The main pedagogical reason for selecting Peterson's Shadows and Light was its obvious benefits in terms of rhythmic training. The composer explains:
'My music is more often than not very rhythmic - aggressive, animated additive rhythms, allied with fast tempi, that drive the music forward. Shadows and Light is very typical of my compositional style: the use of additive rhythms (5/8, 13/8, etc.) is something that is common to all of my music, and something that I really love to investigate. Even when the music is in 4/4 time, the quaver groupings are frequently additive - that is, in various groupings of three quavers and two quavers that are framed within one or two bar periods of 4/4 time.'
Indeed, changing metres and additive rhythms form the current focus of my work as it is a new concept to the students and an aspect that initially presented challenges. In a sequence of events that perhaps confirmed the wisdom of my decision to pursue music rather than mathematics, I explained how five is divided into two, seven by three, and thirteen by five, to some clearly concerned and puzzled faces. The consequent revelation that all these 'tricky' bars were composites of two and three was the ultimate eureka moment, with a hall full of relieved and smiling faces. Either that or the students' glee in a public and unambiguous demonstration of the fact I am indeed numerically challenged.
The energy of the work is also proving popular with these young musicians as is the eclectic mix of harmonic influences - blues-inspired, modal elements and traditional chord progressions. Rehearsals at the time of writing are still in the formative stages, however feedback thus far is very positive, save grumbles about 'having to count and think'. I have no doubt counting and thinking will assume a role of secondary importance as the rehearsal process develops with students eventually able to see light and its associated shadows.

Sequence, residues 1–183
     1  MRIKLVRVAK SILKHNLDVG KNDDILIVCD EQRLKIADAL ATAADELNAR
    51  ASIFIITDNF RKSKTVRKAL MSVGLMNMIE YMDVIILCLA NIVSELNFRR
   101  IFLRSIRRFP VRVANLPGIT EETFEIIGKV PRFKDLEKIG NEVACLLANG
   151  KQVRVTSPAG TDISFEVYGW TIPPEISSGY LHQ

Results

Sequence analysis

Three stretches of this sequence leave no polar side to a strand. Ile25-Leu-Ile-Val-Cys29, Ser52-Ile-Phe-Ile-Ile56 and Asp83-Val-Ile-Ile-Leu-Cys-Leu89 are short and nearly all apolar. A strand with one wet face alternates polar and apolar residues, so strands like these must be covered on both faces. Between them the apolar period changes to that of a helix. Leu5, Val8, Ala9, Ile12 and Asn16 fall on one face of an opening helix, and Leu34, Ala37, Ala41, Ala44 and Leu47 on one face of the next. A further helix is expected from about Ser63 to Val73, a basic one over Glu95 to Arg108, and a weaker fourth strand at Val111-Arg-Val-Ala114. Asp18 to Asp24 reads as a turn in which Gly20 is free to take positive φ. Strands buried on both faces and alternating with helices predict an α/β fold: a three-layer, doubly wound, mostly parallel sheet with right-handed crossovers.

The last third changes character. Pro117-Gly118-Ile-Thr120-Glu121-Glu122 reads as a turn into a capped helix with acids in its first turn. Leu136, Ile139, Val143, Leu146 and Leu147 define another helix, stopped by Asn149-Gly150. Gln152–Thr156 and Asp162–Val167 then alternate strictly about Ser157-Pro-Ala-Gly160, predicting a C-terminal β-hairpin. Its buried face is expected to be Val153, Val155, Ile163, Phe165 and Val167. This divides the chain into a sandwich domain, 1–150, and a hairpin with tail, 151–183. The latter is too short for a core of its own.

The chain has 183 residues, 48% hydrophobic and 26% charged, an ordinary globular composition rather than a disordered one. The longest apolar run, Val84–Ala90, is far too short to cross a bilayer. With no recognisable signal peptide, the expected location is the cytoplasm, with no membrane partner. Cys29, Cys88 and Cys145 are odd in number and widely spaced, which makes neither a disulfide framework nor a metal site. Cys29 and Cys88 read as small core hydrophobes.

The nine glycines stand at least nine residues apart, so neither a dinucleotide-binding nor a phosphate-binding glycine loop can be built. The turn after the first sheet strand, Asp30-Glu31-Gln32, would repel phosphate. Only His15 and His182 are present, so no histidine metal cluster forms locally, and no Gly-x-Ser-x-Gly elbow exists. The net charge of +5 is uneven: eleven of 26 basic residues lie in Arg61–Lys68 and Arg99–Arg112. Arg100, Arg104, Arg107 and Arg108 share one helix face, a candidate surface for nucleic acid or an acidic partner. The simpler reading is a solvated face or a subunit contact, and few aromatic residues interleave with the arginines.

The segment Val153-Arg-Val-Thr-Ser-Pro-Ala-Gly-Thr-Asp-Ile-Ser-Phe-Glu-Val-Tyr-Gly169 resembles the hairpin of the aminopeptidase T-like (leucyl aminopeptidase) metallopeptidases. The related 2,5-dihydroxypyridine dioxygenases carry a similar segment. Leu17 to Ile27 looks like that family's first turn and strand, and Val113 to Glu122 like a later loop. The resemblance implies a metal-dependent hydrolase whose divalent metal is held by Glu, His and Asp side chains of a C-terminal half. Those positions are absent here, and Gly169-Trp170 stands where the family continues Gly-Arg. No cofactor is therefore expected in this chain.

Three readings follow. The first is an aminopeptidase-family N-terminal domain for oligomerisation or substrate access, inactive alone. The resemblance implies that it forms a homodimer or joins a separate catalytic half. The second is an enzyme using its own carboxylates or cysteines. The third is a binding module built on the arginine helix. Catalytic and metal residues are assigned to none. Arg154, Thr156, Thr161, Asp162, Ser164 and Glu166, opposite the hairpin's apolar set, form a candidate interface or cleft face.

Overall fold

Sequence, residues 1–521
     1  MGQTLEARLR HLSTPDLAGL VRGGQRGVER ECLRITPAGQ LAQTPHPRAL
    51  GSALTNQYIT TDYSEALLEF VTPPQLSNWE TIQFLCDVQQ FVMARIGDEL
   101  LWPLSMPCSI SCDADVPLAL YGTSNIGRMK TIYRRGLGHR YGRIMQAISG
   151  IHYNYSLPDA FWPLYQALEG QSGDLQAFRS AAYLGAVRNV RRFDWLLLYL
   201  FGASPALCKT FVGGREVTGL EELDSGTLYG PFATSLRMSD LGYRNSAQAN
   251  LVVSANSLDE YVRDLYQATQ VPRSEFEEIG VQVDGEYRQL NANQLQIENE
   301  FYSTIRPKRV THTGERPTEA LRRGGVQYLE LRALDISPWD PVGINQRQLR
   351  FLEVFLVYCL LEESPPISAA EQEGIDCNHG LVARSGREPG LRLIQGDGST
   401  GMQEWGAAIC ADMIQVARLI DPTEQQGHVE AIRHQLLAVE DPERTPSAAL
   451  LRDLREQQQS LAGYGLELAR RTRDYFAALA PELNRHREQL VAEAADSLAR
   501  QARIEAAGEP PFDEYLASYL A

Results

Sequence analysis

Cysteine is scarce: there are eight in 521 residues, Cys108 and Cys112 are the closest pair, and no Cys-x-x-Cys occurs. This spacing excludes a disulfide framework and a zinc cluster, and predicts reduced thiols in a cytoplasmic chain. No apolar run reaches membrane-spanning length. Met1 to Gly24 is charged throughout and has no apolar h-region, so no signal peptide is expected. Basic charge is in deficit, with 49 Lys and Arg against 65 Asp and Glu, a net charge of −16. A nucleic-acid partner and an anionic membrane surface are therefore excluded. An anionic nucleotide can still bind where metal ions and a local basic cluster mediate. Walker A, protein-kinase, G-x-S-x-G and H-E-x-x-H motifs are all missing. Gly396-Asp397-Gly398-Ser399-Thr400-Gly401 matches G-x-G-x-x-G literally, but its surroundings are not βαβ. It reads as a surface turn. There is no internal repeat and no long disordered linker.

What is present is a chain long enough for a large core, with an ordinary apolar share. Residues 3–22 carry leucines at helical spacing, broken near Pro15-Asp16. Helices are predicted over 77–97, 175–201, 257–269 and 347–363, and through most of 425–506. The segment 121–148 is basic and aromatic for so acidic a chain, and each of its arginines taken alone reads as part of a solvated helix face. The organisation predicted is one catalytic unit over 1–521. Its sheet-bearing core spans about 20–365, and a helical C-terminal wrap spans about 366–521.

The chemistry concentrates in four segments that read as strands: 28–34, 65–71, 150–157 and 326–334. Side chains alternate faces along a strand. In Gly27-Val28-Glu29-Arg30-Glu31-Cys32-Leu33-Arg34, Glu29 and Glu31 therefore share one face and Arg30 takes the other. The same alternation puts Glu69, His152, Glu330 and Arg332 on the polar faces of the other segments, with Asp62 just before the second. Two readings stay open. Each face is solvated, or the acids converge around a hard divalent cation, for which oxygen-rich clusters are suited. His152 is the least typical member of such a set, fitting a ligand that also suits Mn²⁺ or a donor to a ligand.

© Australian Music Centre (2012) — Permission must be obtained from the AMC if you wish to reproduce this article either online or in print.
Carolyn Watson is an Australian conductor and music educator. In 2012 she was Musical Assistant at the Staatsoper Berlin for Infektion!, a festival of modern theatre celebrating the works of John Cage. During 2010 she successfully debuted with the North Czech Philharmonic Orchestra and was one of four conductors selected for Interaktion with musicians of the Berlin Philharmonic Orchestra, also working with Sir Charles Mackerras on his final two productions in this year. In 2009, Watson spent a period at the Israeli National Opera, where she assisted on a production of Carmen. A Churchill Fellow, Watson is also the recipient of the Sir Charles Mackerras Conducting Prize awarded via the Australian Music Foundation in London, Opera Foundation Australia’s Bayreuth Opera Award and Berlin New Music Opera Award, and the Nelly Apt Conducting Scholarship.